04 Out-a-here!

Fort Jezreel, Jezreel Valley, Israel, 877 BC

1 Kings 18:3

Obadiah’s heart raced. “Out-a-here!” He slapped the prince’s horse on the rump.

Another arrow plunked in beside the first.

Ahab flattened on Shochar and kicked him into a dash for the fort.

Obadiah sprinted behind them on Lavan. A breath of air to the left, and that arrow would have sliced Ahab’s jugular. He pictured slinging the prince’s body over Shochar and leading him into the fort, but he could not imagine facing the king.

The gate guards stepped aside. Hoofs rattled the loose planks of the bridge and clip-clopped across the pavers. They were inside.

He closed his eyes and breathed. Miserable Assyrians couldn’t collect military intelligence and go home. Had to pick off a pair of wealthy-looking Hebrews.

Obadiah looked around. “A problem with a guard’s horse? You never talked to the captain.”

And you fell for it.”

Like an egg from a tall chicken. I’m about as sharp as last year’s plow point.” Obadiah shook his head. “You almost got us killed, my prince.”

As the gate swung closed behind them, a stable boy loped out from the headquarters compound. “The king’s looking for”—His eyes flicked from Ahab to Obadiah and back again—“the prince. Sorry, sir.” He blushed.

No worries.” Ahab grinned. “Plenty of people think this ugly guy looks like me.”

Obadiah pointed. “I even hung that medallion on his neck, so people could see who’s the prince, but it doesn’t help.” He pursed his lips. Like the prince, he stood half a head taller than most Hebrews and kept his beard trimmed. His white linen cloak and purple turban matched Ahab’s. Did he have the same bold black eyes and high cheekbones?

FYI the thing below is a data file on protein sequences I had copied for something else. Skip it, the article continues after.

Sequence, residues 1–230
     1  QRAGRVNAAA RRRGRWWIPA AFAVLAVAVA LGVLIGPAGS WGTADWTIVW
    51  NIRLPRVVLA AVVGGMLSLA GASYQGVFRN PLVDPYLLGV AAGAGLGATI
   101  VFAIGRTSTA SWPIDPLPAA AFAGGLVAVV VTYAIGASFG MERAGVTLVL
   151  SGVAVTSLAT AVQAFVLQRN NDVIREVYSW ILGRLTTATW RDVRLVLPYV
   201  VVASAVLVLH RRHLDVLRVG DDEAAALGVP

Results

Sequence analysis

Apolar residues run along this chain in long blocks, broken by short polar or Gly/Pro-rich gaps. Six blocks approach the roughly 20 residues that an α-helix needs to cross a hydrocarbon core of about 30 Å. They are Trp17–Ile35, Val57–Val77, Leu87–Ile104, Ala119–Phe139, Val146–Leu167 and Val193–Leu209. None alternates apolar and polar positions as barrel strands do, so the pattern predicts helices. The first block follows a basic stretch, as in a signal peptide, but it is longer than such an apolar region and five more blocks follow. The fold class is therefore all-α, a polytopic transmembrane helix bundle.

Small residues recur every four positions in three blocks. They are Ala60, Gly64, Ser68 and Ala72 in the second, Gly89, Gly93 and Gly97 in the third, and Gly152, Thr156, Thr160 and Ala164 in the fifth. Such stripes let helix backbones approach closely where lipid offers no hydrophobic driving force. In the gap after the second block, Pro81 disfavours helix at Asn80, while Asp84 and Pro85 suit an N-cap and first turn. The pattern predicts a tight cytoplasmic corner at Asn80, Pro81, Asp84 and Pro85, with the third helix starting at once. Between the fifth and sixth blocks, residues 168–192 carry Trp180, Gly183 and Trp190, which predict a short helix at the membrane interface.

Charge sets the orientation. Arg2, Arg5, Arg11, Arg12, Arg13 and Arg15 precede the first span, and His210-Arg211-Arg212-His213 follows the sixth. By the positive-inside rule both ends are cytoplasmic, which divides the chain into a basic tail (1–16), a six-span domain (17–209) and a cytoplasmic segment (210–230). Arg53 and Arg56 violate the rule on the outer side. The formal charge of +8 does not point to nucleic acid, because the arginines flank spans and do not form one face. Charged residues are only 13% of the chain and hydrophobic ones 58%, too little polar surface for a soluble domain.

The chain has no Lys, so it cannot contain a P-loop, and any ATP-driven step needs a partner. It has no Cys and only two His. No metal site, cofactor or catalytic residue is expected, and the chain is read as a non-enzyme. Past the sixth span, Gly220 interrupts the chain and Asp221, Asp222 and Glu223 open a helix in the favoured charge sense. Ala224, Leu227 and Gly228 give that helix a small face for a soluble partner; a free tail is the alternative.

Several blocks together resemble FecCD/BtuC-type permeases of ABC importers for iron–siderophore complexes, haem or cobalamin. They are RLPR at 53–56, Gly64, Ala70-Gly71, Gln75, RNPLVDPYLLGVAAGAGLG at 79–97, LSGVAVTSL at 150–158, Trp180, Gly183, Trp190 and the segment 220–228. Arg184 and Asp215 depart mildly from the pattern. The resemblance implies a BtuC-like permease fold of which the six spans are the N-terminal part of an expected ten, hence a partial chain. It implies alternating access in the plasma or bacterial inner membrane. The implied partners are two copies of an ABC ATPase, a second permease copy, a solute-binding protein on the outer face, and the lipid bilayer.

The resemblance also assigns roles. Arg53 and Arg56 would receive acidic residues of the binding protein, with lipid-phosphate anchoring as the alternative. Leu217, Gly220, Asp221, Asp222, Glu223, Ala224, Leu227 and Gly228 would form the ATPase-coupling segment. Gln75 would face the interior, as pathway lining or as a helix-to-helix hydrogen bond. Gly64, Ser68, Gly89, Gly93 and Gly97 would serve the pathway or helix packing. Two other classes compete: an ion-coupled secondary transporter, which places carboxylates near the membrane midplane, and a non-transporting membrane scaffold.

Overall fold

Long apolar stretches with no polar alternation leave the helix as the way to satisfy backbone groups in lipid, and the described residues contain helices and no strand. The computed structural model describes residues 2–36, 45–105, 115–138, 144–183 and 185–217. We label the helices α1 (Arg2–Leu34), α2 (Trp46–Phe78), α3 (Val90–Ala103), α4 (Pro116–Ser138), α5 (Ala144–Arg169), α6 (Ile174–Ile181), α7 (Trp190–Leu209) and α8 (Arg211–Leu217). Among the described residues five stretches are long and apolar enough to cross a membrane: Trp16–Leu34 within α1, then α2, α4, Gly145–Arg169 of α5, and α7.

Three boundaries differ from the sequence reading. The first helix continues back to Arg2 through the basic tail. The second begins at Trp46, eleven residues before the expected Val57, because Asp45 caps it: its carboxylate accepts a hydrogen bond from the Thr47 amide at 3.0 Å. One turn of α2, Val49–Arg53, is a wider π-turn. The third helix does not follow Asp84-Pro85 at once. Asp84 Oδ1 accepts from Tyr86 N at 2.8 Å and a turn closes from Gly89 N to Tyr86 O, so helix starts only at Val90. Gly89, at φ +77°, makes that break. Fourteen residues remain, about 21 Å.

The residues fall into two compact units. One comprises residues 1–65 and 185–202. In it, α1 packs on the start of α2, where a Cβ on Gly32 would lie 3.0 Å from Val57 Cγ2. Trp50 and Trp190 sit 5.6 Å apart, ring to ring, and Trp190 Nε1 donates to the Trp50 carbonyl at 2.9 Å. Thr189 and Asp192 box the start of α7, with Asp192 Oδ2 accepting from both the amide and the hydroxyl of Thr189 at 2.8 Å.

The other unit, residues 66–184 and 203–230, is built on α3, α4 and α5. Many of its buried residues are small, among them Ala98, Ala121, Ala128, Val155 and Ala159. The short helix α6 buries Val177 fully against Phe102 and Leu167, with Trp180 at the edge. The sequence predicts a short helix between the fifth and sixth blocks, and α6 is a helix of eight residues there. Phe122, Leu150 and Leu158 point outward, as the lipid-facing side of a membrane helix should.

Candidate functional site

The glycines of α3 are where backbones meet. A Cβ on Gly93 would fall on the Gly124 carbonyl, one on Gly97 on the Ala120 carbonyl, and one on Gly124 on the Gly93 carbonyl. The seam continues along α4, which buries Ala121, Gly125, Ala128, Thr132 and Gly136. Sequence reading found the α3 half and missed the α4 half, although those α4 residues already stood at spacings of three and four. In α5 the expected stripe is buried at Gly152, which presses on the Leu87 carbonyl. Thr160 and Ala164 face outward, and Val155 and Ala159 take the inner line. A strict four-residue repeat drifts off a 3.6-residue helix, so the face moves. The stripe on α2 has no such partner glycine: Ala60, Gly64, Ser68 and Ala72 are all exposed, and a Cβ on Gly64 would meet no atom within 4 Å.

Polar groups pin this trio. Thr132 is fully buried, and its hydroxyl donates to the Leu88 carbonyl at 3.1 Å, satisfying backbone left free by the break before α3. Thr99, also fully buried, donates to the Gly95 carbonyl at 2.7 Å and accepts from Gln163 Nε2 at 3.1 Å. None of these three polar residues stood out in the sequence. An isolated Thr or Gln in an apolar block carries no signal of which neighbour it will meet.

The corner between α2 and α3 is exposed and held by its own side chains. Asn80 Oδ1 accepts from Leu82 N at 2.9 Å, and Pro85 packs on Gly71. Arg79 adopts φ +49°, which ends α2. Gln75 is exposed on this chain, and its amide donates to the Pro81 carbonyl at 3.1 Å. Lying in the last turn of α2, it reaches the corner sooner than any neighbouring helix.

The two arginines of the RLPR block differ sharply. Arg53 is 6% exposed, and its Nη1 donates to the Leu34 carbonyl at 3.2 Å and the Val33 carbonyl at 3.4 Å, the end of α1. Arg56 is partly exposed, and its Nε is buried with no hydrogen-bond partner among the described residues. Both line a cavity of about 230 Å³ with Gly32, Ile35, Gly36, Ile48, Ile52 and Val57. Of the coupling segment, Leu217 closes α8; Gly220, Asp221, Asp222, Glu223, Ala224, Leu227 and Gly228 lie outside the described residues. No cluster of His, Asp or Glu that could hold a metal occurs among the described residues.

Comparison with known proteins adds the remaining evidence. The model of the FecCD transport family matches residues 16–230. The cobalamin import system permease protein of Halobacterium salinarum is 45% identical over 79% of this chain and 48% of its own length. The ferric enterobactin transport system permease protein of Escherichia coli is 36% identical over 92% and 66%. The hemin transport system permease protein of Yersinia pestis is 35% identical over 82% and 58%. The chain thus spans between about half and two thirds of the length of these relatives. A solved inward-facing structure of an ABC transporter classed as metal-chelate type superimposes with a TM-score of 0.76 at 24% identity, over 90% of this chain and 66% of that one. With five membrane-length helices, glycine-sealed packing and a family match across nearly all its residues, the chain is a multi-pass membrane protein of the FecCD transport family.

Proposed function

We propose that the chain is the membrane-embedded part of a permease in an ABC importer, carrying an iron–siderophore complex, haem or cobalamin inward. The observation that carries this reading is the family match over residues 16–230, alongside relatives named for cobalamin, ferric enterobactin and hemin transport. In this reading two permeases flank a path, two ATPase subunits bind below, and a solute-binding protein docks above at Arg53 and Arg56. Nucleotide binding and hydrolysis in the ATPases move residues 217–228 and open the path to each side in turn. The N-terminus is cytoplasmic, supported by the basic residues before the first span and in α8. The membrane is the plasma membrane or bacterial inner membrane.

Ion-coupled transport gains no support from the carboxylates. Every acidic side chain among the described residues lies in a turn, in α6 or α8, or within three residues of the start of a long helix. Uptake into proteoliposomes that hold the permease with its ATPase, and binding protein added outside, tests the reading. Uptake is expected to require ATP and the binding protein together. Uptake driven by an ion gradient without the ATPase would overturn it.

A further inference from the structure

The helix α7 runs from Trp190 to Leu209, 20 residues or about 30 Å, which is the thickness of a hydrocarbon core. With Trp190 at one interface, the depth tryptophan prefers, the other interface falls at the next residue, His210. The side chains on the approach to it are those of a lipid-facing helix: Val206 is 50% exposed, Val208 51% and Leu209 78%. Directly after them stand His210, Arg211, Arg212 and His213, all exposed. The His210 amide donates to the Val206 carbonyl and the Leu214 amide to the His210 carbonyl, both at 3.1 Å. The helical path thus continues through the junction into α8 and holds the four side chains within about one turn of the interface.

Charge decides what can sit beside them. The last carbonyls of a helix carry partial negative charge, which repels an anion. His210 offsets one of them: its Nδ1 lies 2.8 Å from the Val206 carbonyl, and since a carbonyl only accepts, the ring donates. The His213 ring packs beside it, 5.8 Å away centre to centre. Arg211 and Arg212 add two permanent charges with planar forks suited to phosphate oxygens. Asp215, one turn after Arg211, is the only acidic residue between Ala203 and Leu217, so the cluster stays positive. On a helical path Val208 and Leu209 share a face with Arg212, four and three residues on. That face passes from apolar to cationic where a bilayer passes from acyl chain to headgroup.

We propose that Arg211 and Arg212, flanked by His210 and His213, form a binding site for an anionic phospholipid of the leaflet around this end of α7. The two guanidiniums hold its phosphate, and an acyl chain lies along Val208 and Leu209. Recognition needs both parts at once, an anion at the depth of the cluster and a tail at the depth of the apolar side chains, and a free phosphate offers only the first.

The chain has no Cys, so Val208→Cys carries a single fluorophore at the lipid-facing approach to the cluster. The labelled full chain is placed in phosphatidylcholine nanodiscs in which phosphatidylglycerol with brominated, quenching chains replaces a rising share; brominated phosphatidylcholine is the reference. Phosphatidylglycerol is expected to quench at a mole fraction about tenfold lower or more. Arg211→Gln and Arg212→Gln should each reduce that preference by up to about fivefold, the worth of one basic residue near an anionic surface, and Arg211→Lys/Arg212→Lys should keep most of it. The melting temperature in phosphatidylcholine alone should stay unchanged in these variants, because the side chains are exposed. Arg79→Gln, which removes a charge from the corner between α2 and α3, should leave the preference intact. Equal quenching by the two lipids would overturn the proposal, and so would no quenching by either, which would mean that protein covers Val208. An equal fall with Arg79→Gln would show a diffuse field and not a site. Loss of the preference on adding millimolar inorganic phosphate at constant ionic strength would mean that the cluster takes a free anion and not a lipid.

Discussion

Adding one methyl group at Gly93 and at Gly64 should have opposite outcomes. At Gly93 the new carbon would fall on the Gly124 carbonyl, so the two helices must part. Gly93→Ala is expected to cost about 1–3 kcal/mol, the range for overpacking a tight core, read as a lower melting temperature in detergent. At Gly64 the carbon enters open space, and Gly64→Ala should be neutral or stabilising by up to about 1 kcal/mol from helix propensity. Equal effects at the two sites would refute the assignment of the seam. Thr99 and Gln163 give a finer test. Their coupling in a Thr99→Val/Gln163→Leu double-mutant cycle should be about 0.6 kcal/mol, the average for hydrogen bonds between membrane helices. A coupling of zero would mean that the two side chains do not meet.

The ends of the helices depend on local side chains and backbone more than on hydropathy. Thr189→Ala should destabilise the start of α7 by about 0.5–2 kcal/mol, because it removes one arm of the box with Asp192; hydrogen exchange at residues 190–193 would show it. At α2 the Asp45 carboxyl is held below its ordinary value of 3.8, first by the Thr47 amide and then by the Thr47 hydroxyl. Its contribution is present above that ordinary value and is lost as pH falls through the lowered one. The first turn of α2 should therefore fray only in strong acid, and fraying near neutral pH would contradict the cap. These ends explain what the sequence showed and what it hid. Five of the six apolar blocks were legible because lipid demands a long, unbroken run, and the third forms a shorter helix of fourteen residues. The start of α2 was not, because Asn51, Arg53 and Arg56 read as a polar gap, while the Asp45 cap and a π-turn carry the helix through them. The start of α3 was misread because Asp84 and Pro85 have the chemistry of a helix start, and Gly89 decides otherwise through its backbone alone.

Obadiah jumped to the ground and handed the reins to the boy. “Wipe them down. I’ll be out to check on your work.”

Ahab jogged ahead of Obadiah to the far end of the street and nodded at the gate guards. He led the way into the headquarters compound and up the path.

Obadiah slowed his steps and touched Ahab’s arm. He wrinkled his brow. Had lookouts reported those arrows? Ahab spread his hands and shook his head.

At the entrance, the king paced in front of bodyguards, his sandals slapping the marble porch. He held his chin high and cracked his knuckles one by one. “You left fifty good men in the compound. You were racing in the valley alone. A mere scouting party from Cyprus or Assyria could have cut down my son and my right-hand man.”

Blood rushed into Obadiah’s cheeks, and he ducked his head. A proper show of humility never hurt. “My fault, your majesty.”

The king laughed. “Excuses later, Biah.”

Obadiah grinned and crowded inside with Ahab. The king had not heard about the arrows.

The king paused at the open door and spoke to his chief guard. “You’re on top of tomorrow’s execution, right? Make sure you have enough stakes for the children.”

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